enable: (getCode() == isChecked())
    <span data-bind="i18n: 'Place Order'"></span>

The button has a Knockout.js click data binding, that will call the view model’s placeOrder button. While it’s standard Magento practice to name this method the same in all payment method templates, people do weird things sometimes, so be wary. If we look at the source for the Magento_OfflinePayment/js/view/payment/method-renderer/checkmo-method module (the view model constructor factory/component for this template)

#File: vendor/magento//module-offline-payments/view/frontend/web/js/view/payment/method-renderer/checkmo-method.js
    function (Component) {
        'use strict';

        return Component.extend({
            defaults: {
                template: 'Magento_OfflinePayments/payment/checkmo'

            /** Returns send check to info */
            getMailingAddress: function() {
                return window.checkoutConfig.payment.checkmo.mailingAddress;

            /** Returns payable to info */
            getPayableTo: function() {
                return window.checkoutConfig.payment.checkmo.payableTo;

Hmmmm. No placeOrder method. What gives?

If you look a little closer, you’ll notice that Component.extend is actually a Magento_Checkout/js/view/payment/default model, and not the usual uiComponent. This means the checkmo view model extends the Magento_Checkout/js/view/payment/default view model. If we look at Magento_Checkout/js/view/payment/default’s source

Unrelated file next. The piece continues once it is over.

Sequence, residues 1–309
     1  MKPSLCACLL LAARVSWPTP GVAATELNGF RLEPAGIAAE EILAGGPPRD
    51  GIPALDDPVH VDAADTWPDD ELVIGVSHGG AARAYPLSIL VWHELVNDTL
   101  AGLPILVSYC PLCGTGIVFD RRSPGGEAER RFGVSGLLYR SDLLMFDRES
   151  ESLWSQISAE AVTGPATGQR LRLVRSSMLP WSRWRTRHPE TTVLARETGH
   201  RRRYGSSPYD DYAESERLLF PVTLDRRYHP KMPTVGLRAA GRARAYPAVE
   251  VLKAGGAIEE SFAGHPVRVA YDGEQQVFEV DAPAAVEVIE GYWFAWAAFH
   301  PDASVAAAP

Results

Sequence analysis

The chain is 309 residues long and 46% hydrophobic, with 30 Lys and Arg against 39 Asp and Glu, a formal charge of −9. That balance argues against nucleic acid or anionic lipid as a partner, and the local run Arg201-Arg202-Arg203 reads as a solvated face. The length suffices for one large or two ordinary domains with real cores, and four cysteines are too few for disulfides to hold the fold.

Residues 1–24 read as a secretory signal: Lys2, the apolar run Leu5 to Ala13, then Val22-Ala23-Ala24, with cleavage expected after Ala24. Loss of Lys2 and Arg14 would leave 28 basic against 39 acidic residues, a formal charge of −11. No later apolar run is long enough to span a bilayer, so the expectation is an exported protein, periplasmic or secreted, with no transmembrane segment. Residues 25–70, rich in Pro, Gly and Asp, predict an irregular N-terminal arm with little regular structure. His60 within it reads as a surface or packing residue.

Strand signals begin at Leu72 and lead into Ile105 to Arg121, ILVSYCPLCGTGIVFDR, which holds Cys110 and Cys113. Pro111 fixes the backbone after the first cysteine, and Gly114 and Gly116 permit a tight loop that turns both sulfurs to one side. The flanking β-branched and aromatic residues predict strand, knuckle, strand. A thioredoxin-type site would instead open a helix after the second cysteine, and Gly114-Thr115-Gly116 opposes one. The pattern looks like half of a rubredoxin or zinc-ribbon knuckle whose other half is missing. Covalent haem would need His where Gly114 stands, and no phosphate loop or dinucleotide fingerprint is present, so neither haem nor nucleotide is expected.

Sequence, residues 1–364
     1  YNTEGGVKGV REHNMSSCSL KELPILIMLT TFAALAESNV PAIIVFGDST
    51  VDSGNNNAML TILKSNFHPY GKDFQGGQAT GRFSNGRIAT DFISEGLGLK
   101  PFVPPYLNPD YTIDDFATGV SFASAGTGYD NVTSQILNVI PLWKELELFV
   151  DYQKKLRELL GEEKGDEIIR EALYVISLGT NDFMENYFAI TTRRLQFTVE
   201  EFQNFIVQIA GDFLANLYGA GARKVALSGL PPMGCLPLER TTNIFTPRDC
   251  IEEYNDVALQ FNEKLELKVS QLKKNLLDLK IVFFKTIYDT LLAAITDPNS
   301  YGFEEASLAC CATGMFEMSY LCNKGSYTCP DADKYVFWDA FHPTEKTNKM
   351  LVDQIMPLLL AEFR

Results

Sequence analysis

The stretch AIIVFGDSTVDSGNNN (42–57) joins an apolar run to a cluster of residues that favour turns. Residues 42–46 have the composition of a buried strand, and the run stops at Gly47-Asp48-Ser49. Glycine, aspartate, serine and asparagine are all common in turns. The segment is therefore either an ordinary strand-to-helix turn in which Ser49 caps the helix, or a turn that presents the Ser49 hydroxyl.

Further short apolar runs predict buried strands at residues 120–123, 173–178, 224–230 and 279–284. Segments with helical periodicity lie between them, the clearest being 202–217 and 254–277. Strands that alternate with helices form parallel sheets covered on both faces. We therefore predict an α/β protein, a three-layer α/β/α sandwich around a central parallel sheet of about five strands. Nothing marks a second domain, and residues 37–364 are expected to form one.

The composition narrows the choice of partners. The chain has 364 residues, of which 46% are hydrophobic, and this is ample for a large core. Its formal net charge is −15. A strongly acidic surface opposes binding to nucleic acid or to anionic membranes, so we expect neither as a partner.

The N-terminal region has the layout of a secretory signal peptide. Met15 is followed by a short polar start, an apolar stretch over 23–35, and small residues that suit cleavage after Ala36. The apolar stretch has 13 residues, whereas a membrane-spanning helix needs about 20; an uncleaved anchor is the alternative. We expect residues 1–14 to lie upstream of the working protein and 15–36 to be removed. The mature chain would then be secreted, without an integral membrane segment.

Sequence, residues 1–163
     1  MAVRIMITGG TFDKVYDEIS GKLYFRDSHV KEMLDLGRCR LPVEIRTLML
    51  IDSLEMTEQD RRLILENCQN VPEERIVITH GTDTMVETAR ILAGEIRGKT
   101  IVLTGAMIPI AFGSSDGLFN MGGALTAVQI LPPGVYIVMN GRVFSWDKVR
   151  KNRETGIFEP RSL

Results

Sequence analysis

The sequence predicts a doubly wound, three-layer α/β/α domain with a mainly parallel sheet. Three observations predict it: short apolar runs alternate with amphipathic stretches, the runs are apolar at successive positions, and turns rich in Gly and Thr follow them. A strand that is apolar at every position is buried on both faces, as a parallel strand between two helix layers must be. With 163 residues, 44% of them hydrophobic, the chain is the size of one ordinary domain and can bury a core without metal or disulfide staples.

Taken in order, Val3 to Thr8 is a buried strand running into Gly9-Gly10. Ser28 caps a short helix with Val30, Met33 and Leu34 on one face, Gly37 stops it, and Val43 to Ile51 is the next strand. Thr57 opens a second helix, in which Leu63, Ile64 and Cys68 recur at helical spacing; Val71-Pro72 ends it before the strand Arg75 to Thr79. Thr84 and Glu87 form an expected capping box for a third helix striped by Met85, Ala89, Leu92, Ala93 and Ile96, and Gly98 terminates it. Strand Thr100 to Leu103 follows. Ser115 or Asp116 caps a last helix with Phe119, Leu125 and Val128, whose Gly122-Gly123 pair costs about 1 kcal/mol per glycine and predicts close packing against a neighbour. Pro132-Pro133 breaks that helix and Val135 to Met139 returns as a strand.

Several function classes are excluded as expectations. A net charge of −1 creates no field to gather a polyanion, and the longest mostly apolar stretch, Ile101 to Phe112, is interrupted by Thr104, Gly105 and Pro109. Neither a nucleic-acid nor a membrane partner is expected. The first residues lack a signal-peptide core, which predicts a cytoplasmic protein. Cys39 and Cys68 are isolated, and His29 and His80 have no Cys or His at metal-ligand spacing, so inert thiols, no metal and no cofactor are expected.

#File: vendor/magento//module-checkout/view/frontend/web/js/view/payment/default.js
placeOrder: function (data, event) {
    var self = this;

    if (event) {

    if (this.validate() && additionalValidators.validate()) {

                function () {
                function () {

                    if (self.redirectAfterPlaceOrder) {

        return true;

    return false;

There’s some validation methods that we’ll skip for now, but they’re worth investigating on your own. The call to getPlaceOrderDeferredObject is what we want. This method returns the jQuery ajax request (actually a jQuery “deferred” object that does an ajax request, so essentially the same thing. Don’t worry about it unless you want to. ) that places the order, with the fail and done handlers handling success and failure cases. These callbacks are also worth investigating on your own, as they handle order failure/success cases.